Three Reasons Why ‘Game of Thrones’ Had The Best Ending Possible

After eight seasons, the show stuck the landing.


Philip Ellis |

It took eight seasons, a two year hiatus, and countless gory deaths, but Game of Thrones finally reached the end of its story. There are still spinoff TV shows and future instalments of George R.R Martin’s A Song of Ice and Fire novels to come, but this is the last time we’ll see our favourite characters on-screen. And for the most part, “The Iron Throne” managed to deliver a satisfying conclusion to a long and convoluted story. Here’s why.

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Neither Dany nor Jon ended up on the Iron Throne

We’ve been on Daenerys Targaryen’s side in her quest for the throne ever since season one, when she finally stepped out of her abusive brother’s shadow and showed that she had the inner strength of a queen. Over the next several years we watched her liberate slaves and rain down fiery retribution on the oppressors of Essos, but it was only in this truncated final season that we saw how that doesn’t necessarily make for a fit ruler.

Dany went from an underdog to the kind of freedom fighter who ends up being exactly the kind of dictator they claim to despise. Her final scene was a perfect bookend to the tragedy of Daenerys Targaryen; she reached the throne, and even reached out to touch it, but never sat on it as queen.

Similarly, Jon has been heralded as the true-born heir to the throne ever since his heritage was revealed in season seven — but he has never once been tempted by the title of ruler, only taking on the mantle of King in the North out of necessity. Seeing him kill the woman he loves, not to take the throne for himself but to save countless lives from her wrath, and condemning himself to a life of exile in the process, is exactly the kind of honourable act we’d expect to see from Ned Stark’s son.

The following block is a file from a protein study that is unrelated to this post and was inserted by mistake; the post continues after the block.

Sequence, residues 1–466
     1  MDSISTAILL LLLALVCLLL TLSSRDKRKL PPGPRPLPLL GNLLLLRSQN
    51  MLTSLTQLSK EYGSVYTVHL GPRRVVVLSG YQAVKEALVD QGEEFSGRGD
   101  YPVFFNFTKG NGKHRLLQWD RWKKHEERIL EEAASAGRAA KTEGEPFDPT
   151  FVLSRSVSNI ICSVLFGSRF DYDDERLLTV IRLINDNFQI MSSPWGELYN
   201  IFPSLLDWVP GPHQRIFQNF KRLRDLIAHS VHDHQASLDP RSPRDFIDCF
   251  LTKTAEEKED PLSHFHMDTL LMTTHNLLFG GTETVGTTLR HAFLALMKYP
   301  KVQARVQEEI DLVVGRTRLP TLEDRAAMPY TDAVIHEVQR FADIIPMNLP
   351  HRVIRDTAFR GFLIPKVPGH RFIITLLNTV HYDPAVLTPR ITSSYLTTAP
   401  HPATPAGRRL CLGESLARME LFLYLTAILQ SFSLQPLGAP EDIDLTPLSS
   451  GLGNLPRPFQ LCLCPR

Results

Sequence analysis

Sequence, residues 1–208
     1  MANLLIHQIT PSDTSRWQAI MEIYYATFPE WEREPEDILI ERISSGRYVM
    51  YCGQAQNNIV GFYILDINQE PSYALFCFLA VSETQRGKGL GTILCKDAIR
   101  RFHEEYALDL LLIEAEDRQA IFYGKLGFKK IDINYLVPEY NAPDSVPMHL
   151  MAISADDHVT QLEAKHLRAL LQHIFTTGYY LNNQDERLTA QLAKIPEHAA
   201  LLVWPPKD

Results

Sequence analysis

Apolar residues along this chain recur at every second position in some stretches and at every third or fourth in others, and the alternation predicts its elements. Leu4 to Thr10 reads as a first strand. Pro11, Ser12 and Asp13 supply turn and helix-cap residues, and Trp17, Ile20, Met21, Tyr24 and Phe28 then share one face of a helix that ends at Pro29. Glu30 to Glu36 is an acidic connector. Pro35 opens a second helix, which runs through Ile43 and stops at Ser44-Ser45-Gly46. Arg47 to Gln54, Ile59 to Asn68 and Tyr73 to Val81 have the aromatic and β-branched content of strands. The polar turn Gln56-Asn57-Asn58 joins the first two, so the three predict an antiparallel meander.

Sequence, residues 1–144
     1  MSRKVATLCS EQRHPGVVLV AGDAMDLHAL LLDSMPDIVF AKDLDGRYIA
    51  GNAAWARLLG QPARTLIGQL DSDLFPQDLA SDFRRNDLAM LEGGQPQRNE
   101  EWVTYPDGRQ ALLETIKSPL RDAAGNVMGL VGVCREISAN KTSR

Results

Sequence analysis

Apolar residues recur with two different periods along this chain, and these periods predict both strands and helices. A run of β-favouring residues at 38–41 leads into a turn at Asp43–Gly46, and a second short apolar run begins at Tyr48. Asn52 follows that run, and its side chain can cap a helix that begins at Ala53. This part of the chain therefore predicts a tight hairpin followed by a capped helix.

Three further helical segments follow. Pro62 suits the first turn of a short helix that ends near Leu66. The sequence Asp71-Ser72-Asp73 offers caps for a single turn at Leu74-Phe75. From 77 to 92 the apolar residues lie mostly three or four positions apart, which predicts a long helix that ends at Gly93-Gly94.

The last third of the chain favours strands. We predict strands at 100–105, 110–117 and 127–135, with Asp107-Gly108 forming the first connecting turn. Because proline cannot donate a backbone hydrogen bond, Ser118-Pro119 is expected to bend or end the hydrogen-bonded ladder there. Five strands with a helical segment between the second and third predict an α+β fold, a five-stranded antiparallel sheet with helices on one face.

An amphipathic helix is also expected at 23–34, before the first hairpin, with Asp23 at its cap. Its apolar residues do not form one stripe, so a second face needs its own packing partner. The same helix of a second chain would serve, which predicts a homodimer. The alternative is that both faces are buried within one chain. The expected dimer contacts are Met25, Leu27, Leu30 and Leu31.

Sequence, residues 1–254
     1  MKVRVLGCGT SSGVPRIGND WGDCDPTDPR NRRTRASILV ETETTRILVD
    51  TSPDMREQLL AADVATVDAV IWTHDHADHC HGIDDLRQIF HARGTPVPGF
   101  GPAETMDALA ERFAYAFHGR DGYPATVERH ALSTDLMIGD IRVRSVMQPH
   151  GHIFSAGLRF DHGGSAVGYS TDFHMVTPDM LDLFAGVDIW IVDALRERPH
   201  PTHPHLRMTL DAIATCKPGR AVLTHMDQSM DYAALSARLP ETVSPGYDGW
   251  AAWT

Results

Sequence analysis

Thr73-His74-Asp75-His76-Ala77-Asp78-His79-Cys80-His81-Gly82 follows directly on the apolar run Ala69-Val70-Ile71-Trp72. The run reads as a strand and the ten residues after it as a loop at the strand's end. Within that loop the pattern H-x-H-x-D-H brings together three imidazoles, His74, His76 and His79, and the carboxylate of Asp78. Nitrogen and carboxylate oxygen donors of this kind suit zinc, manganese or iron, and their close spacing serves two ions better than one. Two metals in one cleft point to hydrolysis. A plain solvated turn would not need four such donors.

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As for who ends up on the throne, well. Bran Stark might have been a left-field choice, but who better to help the people of Westeros avoid the mistakes of the past than the one person in existence who can actually remember them all?

There were no more weddings

Weddings have a tendency to go horribly awry in Westeros, and so it was probably for the best that the long-predicted union of Jon and Dany never took place. Nor did any other characters get hitched; maybe they’re taking their cues from Arya’s rejection of Gendry’s proposal. Series finales are often fond of marrying off pairings in the name of closure and giving them children that they name after dead characters (we’re looking at you, J.K. Rowling), which made it all the more refreshing to see Sansa, Arya and Jon each end their respective arcs by striking out on their own.

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In the end, nobody was Azor Ahai

The prophecy of the Prince That Was Promised has been a major plot point in the original books and throughout the series, but was left unresolved in the finale, and that’s not entirely a bad thing. Having Jon’s decision to kill Dany be his own, rather than the fulfilment of an ancient prophecy, was much more in keeping with the themes of Game of Thrones, first and foremost that we must be willing to live with the consequences of our actions. After eight seasons of witches, warlocks and wights, Game of Thrones stepped away from all of its mystical elements in the finale to focus solely on what makes the show so compelling: its characters.

Originally published on menshealth.com

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